I think there are two types of choices we can make to be happy and safe in a world where nothing we do outside our heads is private. Reality is we probably have to make both, but I think only the second will lead to the ultimate flourishing of humanity. The first is regulating the information that can and may be accessed by people or organizations in positions of power. But let's face it, most of us like it that Google and Facebook tailor our searches and feeds to our particular interests, and we don't mind losing some hypothetical privacy, as long as there isn't obvious abuse of our trust. Regulation isn't going to get us to our perfect world--at least not regulations designed to limit and control. I think Pandora has opened the box, and we might as well let Hope out, too.

I believe Hope is a fundamental change in ourselves and our societies, but not simply a utopian ideal. The ultimate goal is a Zion society, where there are no rich or poor, and everyone is of one heart and one mind. In the past this has happened after great upheaval, and it's very likely that no rich or poor meant everyone was poor by modern standards. It meant the cities and states were isolated, and without large, central governments, which meant in turn that life was essentially subsistence living, with limited trade, commerce, and specialization, and that farming practices only had the ability to support relatively small populations. The happiness and peace experienced were good, but life spans were short, all the perils of nature still remained, and knowledge of the world extended at most a few hundred miles. For good or ill, medicine, modern transport, modern agriculture, and Wikipedia came out of that same Pandora's box that has given us NSA wiretaps and surveillance drones. We don't really want to go back, even if we might be sent there the next time Yellowstone decides to explode. So the question is, can we mimic the key aspects of Zion in our wealthy, modern world? Or do we have to return to the ages of early death and living at the immediate mercy of nature? I hope that we can become Zion, and I believe science can help bring out our better natures. It won't save us, but there is no reason not to use it to speed God's work of salvation.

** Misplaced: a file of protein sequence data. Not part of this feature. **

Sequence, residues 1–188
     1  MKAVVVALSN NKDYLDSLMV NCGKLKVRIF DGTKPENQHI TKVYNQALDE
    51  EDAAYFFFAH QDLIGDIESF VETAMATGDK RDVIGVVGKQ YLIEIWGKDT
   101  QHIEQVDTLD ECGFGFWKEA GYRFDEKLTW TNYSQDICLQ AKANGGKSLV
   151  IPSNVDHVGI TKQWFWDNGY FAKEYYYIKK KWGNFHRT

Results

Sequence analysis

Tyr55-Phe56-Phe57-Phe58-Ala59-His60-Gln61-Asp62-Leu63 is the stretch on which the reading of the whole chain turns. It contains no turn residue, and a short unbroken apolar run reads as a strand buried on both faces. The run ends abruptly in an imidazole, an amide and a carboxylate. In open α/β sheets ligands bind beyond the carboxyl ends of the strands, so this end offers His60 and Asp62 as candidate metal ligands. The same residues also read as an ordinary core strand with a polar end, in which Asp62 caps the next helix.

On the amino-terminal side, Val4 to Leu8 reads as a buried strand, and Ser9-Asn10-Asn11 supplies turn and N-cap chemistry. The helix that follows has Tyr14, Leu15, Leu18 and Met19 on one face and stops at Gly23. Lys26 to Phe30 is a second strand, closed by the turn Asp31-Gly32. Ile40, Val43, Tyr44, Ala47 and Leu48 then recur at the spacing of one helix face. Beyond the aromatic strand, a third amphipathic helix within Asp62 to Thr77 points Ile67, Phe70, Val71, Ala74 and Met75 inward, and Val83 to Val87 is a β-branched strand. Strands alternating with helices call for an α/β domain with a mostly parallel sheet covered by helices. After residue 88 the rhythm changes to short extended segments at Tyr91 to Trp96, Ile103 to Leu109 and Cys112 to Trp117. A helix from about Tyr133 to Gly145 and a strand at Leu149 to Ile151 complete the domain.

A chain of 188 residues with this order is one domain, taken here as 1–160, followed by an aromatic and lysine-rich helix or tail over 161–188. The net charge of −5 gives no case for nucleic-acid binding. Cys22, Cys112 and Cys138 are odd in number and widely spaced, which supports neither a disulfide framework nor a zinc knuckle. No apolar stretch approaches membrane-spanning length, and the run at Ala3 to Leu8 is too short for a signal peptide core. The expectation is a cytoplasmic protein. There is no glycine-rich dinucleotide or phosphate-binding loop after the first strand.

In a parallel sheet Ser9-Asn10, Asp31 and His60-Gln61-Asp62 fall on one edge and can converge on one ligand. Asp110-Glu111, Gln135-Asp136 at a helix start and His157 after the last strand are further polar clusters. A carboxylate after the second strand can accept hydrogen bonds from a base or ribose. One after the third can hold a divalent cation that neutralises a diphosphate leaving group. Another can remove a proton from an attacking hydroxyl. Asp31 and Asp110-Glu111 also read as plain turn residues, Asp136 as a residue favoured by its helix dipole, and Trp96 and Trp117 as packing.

To begin, we have to focus on the key aspects of Zion that we might measure. I can see three pretty clearly:
  • Wealth and power are not centralized. Concentrate one and you concentrate the other, and there is no way to have the economic equality that can be described as no rich and no poor. Thus the ultimate fall of Communism--lots of power to a few to force equality among the rest. This will be the downfall of any economic system which promotes and maintains unhealthy differentiation among God's children--haves and have nots, contributors and dead weight, rulers and governed, instead of fellow citizens (Eph. 2:19), brothers and sisters (Rom. 8:14-17), and friends (D&C 84:63).